Although the new BMW M3 is much like it was when it was first introduced to the world automotive marketplace in 2008, the soon-to-be-launched M3s should stimulate even additional admiration. In addition to nominal modification opportunities, the enhancements on the 2010 M3 have been minimal.

BMW put the regular M3 on a weight-cutting regimen with the new M3 GTS model. Even though that eventually helped the M3 GTS lose a noteworthy quantity of weight, don’t even let it cross your mind that the V-8 engine BMW’s engineers installed in it is any less advanced.

The standard M3’s stock brake horsepower is 414, but the designers in BMW’s M division found a way to generate an addition 30 brake horsepower from their glorious V-8 power plant. They achieved this by expanding the engine from 4.0 to 4.4 liters. The added mass in the power plant, along with weight-reduction alterations like a rear carbon-fiber spoiler, a carbon-fiber front diffuser, dual titanium mufflers and a lightened chassis, helped the M3 GTS achieve considerable top-speed advances.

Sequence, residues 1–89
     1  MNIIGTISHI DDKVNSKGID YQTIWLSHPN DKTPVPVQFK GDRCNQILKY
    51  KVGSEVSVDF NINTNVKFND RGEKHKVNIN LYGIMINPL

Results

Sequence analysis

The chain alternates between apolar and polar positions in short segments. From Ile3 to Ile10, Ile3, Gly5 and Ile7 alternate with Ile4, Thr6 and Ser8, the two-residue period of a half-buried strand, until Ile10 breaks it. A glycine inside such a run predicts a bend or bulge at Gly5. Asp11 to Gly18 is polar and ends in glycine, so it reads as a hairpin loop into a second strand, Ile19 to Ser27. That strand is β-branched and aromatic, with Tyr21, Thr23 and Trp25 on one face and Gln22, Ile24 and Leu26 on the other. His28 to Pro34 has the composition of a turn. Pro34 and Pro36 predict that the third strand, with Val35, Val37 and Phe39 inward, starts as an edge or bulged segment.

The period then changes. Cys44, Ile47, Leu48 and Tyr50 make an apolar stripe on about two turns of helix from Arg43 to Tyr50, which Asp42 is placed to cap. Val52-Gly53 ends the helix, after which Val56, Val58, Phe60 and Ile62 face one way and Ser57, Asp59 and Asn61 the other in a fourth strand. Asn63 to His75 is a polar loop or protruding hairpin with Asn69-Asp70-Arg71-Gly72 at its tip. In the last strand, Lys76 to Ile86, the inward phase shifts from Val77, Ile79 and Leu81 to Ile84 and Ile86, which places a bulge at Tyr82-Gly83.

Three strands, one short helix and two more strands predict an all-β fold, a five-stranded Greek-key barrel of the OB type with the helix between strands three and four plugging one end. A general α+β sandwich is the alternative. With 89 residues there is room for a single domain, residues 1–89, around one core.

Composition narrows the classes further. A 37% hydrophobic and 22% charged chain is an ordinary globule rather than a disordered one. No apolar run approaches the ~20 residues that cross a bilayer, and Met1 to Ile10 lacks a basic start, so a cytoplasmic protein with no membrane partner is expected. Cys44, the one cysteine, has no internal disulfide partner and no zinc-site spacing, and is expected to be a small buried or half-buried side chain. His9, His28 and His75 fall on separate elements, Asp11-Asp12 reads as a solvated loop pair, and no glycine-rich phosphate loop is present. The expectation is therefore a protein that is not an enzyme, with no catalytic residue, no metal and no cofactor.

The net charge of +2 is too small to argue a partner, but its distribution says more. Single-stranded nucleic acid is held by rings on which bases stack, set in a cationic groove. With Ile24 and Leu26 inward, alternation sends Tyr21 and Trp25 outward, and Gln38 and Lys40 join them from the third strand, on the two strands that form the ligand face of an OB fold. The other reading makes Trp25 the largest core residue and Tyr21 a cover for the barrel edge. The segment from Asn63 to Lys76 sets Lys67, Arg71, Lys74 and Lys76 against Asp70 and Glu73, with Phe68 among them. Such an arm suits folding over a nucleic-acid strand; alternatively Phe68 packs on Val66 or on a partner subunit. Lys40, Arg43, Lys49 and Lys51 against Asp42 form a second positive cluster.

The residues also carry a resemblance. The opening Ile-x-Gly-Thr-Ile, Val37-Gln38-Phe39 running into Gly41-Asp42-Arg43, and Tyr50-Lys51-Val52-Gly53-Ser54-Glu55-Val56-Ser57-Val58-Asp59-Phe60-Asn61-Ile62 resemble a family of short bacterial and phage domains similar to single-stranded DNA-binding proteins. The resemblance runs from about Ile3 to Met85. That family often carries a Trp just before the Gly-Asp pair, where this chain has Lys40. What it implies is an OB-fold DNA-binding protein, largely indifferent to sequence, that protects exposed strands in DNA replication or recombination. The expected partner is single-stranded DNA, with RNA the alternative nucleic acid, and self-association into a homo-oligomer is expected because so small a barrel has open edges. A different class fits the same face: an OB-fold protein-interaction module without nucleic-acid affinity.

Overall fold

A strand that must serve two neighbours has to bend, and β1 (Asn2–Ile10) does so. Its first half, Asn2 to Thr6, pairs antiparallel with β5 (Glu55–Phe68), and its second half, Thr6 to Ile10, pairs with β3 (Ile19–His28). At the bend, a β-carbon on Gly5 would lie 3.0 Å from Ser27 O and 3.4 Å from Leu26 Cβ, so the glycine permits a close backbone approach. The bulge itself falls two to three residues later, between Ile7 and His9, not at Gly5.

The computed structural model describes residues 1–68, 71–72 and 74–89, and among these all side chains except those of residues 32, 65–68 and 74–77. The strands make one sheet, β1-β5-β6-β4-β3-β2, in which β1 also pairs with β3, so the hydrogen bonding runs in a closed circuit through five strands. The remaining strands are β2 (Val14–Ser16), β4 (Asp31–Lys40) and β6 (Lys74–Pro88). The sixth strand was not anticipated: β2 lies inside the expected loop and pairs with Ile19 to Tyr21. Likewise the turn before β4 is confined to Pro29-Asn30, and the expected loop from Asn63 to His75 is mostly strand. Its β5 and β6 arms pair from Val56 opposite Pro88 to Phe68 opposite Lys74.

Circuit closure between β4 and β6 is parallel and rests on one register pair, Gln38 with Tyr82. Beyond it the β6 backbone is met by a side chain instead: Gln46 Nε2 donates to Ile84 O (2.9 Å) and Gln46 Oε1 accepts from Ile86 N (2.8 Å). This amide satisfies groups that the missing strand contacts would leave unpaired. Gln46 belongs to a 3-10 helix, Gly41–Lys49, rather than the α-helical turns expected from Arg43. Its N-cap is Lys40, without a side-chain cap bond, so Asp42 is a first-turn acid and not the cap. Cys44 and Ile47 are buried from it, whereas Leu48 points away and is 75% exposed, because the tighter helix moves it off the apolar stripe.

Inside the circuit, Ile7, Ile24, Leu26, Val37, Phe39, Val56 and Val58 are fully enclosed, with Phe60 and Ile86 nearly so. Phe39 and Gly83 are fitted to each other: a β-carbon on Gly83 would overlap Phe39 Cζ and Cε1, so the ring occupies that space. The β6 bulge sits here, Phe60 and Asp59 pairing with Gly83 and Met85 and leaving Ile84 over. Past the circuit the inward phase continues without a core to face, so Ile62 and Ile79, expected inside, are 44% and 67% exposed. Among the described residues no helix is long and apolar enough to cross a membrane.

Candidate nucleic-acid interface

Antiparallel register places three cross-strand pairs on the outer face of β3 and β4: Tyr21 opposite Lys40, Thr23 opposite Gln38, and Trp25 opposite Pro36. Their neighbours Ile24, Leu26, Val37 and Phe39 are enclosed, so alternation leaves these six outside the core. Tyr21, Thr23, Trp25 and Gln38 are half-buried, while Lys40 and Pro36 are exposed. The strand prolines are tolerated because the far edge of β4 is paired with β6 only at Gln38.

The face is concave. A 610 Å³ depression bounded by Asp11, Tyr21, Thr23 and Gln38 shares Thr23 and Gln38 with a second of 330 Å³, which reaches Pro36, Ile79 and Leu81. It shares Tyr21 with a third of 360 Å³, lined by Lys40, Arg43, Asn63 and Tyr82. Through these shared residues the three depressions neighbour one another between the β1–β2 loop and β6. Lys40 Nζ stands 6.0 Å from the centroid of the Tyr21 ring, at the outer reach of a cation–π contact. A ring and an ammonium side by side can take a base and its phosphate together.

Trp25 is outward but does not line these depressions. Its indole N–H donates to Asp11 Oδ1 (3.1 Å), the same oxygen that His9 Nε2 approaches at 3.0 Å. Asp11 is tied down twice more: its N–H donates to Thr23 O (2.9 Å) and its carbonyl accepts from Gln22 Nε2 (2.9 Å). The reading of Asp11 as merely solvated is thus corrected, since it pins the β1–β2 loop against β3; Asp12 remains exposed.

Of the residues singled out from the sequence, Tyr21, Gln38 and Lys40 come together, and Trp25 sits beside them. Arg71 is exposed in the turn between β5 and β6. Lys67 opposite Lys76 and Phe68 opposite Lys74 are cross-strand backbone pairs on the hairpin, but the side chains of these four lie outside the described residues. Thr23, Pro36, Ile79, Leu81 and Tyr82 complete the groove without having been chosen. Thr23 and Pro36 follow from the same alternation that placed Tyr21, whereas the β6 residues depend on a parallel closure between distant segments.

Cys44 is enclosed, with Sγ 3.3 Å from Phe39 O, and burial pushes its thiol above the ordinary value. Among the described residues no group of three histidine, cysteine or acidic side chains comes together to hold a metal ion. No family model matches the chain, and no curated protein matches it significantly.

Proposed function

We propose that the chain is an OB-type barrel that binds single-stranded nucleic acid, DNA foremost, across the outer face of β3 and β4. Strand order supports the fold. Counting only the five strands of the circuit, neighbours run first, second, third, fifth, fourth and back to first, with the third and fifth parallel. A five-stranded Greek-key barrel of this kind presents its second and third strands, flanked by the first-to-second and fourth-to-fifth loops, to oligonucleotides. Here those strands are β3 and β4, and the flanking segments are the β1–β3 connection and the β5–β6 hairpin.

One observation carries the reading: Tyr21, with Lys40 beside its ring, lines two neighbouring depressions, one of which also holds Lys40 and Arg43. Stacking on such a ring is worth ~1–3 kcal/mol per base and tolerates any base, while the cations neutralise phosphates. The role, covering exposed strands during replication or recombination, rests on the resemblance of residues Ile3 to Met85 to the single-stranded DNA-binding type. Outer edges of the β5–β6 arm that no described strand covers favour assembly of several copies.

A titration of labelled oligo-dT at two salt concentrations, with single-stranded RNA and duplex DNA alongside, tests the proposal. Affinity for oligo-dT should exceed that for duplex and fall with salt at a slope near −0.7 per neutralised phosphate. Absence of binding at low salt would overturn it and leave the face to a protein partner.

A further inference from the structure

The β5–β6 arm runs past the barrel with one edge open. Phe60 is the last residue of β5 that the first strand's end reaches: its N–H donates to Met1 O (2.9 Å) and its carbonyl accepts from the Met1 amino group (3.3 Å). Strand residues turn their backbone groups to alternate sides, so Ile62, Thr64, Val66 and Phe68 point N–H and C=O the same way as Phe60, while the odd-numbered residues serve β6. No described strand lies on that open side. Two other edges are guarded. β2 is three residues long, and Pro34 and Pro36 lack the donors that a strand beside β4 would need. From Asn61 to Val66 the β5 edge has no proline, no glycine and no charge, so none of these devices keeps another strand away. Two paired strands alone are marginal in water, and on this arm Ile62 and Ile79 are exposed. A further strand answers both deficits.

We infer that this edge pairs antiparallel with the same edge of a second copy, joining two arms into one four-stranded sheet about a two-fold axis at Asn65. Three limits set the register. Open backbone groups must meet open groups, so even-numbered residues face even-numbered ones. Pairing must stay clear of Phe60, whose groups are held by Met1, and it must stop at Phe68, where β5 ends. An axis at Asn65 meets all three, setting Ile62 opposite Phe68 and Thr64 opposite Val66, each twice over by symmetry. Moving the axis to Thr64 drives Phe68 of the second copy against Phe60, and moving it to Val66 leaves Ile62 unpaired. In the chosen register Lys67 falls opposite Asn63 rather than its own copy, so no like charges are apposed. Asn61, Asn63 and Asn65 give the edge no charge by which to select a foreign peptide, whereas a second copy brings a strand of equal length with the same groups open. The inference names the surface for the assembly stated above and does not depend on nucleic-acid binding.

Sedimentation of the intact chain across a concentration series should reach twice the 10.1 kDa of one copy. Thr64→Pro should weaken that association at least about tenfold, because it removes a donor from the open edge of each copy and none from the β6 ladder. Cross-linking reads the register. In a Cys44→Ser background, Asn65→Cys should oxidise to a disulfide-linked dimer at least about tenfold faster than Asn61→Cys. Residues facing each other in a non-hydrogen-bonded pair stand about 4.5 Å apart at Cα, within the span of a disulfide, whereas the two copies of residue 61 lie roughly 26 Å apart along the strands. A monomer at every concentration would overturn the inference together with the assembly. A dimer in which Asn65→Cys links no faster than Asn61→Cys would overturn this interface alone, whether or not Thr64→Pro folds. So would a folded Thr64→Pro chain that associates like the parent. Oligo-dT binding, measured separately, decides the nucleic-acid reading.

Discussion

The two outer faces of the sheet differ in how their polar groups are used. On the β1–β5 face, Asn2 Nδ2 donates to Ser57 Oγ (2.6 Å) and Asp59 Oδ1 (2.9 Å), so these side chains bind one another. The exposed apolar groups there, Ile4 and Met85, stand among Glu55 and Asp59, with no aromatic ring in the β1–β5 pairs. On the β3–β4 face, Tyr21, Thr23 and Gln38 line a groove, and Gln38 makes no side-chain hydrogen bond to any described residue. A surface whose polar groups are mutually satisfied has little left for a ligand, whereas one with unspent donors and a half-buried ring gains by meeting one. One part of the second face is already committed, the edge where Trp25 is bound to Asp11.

This BMW M3 special edition weighs just 3,285 pounds with the standard manual transmission. For bona fide gear heads, there is the option to add an extra 419 pounds for the seven-speed, dual-clutch gear box. With this innovative M dual-clutch transmission having so many cosmic improvements, it is not to be confused with the E46 M3’s SMG computerized transmission. Eventually, BMW designed this M3 to embody a vehicle that can be driven on the streets then, out of the blue, go to the racetrack. The roll bar, a fire extinguisher and an engine kill switch exposes this car’s yearning for the track. On the whole, BMW built a racy vehicle from an already-high-performance car, and the engineers achieved their goal of making the M3 GTS special in every possible manner.